Adding An RPM Readout For A Home Made CNC Mill


[Rui] recently put the finishing touches on his homemade CNC mill, which utilizes a dremel-like rotary tool. The problem with using rotary tools for this kind of application is you don’t really have an accurate speed readout… so he designed his own RPM gauge.

The sensor is in itself very simple. He’s using a TLE4935L hall effect sensor, a spare 16FE88 microcontroller, a Nokia LCD, and one tiny neodymium magnet. The magnet has been carefully epoxied onto the motor fan, with the hall effect sensor close by. He’s also built a guard around it, just in case the magnet decides to fly off at high speeds.

During testing he hooked up the hall effect sensor to both his home-made circuit, and an oscilloscope to confirm his findings. Once he was assured everything was working properly he sealed it off and mounted the LCD above the spindle as a nice digital readout.

This isn’t [Rui’s] first project to grace the front page either — he’s also made a great laser range finder hack as well as a laser trip wire for Airsoft games!

5 thoughts on “Adding An RPM Readout For A Home Made CNC Mill

  1. I did the same thing a few weeks ago with my drill press, also using a hall effect sensor, but was just too lazy to make a video and submit it :/ Guess now it will seem like a copy-cat, damnit.

    1. Submit it, I love seeing the same thing done several times slightly differently. Most of every hack here has already been posted more than several times. Please give us another one, tell us why you did it, what you learned, what you might do different. Maybe your code is different?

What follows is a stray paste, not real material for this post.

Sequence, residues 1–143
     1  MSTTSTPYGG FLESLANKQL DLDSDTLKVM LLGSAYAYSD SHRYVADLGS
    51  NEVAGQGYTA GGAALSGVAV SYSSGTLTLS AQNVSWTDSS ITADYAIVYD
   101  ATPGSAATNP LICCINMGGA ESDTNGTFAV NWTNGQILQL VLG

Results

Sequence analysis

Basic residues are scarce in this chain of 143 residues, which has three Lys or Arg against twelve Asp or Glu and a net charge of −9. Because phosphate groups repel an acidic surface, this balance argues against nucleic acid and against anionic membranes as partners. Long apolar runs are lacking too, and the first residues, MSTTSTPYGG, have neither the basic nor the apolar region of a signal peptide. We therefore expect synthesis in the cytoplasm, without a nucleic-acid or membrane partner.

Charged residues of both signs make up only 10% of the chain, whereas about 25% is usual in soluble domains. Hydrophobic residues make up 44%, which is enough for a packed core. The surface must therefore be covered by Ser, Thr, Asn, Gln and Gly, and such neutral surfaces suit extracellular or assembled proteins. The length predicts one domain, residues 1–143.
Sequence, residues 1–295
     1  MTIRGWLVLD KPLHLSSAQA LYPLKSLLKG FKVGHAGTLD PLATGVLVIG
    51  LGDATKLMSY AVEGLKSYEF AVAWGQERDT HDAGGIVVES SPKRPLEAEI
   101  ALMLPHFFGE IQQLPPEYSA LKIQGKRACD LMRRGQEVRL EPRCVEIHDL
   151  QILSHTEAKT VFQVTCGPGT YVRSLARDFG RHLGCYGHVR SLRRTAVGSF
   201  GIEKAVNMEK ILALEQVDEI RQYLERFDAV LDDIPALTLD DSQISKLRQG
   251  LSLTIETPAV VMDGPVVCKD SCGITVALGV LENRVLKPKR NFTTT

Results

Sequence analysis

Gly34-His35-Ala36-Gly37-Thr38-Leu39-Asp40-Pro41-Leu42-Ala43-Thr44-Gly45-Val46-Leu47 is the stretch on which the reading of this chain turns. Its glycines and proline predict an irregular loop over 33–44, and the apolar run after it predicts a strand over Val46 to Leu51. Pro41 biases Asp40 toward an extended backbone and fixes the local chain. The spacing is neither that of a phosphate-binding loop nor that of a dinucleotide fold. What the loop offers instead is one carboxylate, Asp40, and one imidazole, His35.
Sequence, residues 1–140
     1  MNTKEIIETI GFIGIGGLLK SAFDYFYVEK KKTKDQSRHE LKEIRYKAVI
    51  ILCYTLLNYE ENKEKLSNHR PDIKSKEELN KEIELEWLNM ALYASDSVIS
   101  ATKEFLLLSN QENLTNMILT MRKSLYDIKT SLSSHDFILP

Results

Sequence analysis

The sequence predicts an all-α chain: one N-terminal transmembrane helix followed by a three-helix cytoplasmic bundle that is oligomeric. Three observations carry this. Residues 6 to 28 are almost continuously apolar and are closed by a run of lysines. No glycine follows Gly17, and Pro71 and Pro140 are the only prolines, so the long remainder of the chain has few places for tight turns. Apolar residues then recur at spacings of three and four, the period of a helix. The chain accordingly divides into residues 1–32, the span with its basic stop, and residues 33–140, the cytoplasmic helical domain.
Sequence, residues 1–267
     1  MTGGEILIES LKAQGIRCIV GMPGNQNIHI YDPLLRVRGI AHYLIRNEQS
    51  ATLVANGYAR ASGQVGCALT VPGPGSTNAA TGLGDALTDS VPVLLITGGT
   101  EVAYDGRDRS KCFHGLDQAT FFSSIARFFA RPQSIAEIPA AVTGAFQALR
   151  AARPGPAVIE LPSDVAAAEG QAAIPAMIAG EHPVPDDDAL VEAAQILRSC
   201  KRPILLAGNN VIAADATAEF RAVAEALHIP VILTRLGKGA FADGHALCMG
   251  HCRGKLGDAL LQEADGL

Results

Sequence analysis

2. It is a cool hack. Another thing to do with these cheap dremel-oid spindels, is to hack the speed control so it can also be set in the gcode, not by hoping you will set it correctly.
    Usually these speed controls work by using a potmeter that determines how fast a capacitor charges. Once a voltage level is reached a triac is triggered that supplies the next phase to the motor. You can bypass the potmeter with an optocoupler and a small resistor. You do need the opto because the whole circuit is at mains voltage (120 or 240V). Now drive the opto with a PWM freqency that is significantly higher than the net and you got yourself a cheap dremeloid with CNC speed control. For a bonus you could use this speed measurement to make a feedback loop to up the power when the spindle gets more load.

    Then you may wonder how long before you will invest in a more powerful and more precise spindle motor.

  3. I was concerned at first with the magnet unbalancing the fan and causing bearing wear or other problems. Then I RTFA and saw that A) These are TINY magnets, and B) There are two – on opposite sides.

    Nicely done, and bilingual as well!

  4. Why not paint white marker on one blade and read it optically? Or just light unmodified fan by LED and divide counted pulses by number of blades? I don’t think that sensor in air exhaust has any chance to be dusted enough to render it useless. Most of fans and blowers have odd number of blades so it is hard to rebalance it after adding element with different density than rest of rotor.

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